SEC Whistleblower Award Reduced To 20% Due To Whistleblower’s Own Culpability & Unreasonable Delay
A whistleblower voluntarily provided original information to the United States Securities and Exchange Commission (“SEC”) that led to a successful SEC enforcement action. The SEC’s Claims Review Staff issued a Preliminary Determination recommending that the individual receive an award. However, the Commission ordered the SEC whistleblower award reduced to less than it could have been had the whistleblower not been partially responsible for the fraud that he or she reported, and had he or she reported it to the SEC in a timely manner.
The Claims Review Staff determined that “in relation to the facts and circumstances” of the whistleblower’s award application, the amount of the award should “be set at twenty percent (20%) of the monetary sanctions collected or to be collected in the Covered Action”.
The whistleblower did not challenge the Claims Review Staff’s Preliminary Determination.
In its Order Determining Whistleblower Award Claim, the Commission adopted the Preliminary Determination of the Claims Review Staff and granted the individual an SEC whistleblower reward.
The SEC Order
The Whistleblower’s Percentage Award Could Have Been Higher
According to the Commission’s Order, the whistleblower could have received an even greater award than 20%.
As stated in the Order, in making its preliminary award assessment, “the Claims Review staff reduced the award below what it might otherwise have been”. (Italics added.)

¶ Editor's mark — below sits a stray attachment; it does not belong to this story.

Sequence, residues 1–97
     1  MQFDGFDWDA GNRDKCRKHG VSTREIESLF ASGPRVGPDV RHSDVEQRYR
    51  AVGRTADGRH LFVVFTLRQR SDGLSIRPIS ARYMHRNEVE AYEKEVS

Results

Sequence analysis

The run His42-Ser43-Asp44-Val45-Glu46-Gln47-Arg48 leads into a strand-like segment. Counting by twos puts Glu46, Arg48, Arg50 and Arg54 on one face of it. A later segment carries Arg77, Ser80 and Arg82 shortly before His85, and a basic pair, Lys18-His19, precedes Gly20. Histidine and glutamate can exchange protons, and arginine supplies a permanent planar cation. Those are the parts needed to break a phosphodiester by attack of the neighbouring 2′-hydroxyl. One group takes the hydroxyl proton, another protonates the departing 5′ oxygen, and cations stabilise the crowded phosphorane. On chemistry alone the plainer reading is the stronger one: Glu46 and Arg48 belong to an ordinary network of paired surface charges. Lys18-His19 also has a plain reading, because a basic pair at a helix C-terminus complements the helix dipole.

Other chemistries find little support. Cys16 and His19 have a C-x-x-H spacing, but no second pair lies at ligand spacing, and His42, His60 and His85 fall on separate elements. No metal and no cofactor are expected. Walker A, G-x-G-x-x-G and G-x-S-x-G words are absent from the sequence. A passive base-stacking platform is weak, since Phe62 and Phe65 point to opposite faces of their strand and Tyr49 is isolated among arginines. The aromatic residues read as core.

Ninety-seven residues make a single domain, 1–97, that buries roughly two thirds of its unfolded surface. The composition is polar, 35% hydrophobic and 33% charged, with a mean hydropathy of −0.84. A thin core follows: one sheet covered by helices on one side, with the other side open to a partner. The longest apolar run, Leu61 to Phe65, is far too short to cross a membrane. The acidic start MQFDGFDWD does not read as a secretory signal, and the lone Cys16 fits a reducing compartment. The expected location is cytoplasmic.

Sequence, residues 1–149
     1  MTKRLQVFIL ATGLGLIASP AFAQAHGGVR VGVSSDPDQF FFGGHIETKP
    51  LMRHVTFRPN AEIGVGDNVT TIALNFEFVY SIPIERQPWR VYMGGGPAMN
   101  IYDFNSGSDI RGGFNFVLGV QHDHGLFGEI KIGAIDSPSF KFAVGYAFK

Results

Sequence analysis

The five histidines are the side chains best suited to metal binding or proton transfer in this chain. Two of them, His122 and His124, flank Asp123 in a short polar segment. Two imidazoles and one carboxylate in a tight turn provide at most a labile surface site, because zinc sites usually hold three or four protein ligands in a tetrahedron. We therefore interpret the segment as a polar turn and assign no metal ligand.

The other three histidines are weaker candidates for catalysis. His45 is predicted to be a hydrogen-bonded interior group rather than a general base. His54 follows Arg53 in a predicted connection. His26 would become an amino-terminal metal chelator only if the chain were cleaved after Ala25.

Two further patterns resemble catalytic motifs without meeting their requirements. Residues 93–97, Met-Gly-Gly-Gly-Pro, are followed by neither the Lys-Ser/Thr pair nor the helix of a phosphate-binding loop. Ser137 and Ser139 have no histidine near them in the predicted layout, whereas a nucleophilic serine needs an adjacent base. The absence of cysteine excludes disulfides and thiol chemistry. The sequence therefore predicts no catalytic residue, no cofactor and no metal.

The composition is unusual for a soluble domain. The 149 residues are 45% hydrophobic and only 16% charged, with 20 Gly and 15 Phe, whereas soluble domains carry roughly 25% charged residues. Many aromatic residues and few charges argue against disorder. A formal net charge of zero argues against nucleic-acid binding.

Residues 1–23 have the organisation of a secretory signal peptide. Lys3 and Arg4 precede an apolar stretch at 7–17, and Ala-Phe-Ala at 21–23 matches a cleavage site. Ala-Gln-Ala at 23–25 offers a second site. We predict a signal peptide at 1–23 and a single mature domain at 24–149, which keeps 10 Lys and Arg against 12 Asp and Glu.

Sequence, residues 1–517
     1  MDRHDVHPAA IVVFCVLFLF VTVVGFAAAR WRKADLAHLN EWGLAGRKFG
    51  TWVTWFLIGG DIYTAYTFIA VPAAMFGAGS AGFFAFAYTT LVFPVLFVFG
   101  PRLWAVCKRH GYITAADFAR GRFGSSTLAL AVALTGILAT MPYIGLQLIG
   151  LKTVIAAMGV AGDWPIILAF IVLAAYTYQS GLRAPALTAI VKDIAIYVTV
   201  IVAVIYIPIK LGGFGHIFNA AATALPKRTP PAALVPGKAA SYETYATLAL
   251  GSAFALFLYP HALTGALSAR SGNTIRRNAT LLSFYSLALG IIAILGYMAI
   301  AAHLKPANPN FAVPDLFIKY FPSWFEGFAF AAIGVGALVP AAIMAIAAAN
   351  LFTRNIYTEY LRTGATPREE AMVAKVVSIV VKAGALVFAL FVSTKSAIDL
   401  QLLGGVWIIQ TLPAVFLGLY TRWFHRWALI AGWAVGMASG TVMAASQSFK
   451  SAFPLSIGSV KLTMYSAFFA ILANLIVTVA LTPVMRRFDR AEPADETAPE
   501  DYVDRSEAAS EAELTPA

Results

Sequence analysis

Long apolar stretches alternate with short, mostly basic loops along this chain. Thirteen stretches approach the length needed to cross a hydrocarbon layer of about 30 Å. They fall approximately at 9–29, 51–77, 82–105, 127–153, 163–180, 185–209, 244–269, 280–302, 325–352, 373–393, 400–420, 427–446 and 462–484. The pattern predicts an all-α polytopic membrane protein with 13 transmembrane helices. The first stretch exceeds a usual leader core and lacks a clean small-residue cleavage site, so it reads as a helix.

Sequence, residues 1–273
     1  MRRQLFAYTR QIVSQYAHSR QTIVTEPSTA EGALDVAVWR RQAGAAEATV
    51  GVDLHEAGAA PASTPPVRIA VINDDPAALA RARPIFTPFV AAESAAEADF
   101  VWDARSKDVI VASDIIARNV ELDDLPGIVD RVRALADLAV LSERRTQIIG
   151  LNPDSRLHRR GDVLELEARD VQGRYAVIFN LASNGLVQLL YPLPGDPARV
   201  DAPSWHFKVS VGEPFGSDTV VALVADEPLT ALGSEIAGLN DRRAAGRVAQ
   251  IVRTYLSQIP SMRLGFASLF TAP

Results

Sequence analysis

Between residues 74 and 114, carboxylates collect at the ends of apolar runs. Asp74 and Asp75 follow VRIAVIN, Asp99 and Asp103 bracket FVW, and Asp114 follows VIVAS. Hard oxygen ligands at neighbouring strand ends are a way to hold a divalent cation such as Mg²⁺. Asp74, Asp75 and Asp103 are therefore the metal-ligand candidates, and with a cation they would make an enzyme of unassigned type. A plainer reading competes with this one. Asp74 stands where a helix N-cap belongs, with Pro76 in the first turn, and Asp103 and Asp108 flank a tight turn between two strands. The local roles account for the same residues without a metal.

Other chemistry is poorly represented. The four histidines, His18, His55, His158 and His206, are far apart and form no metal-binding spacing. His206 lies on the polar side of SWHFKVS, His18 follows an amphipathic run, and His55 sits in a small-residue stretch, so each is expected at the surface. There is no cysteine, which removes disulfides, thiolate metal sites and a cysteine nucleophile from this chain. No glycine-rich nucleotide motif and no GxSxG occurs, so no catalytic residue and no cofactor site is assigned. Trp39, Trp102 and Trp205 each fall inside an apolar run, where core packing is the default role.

The Commission’s Order provided two general explanations for the Claims Review Staff’s recommendation to have the SEC whistleblower award reduced.
First, the Commission cited the whistleblower’s own “culpability in connection with the securities law violations at issue in the Covered Action”. According to the SEC whistleblower rules, the Commission can order an SEC whistleblower award reduced as a result of a whistleblower’s own culpability (liability or responsibility) for the fraud or violation that he or she reported.
Second, the Commission referred to the whistleblower’s “unreasonable delay in reporting the wrongdoing to the Commission”. Unreasonable delay is another factor that can lead to reductions in SEC whistleblower rewards.
Accordingly, the Commission granted the whistleblower a 20% SEC whistleblower award reduced from the 21% – 30% award that he or she might otherwise have received.
For additional information about this case in which the Commission decided to have the SEC whistleblower award reduced, click on the link below:
- The SEC’s February 28, 2017 Order. (External link to the SEC’s website.)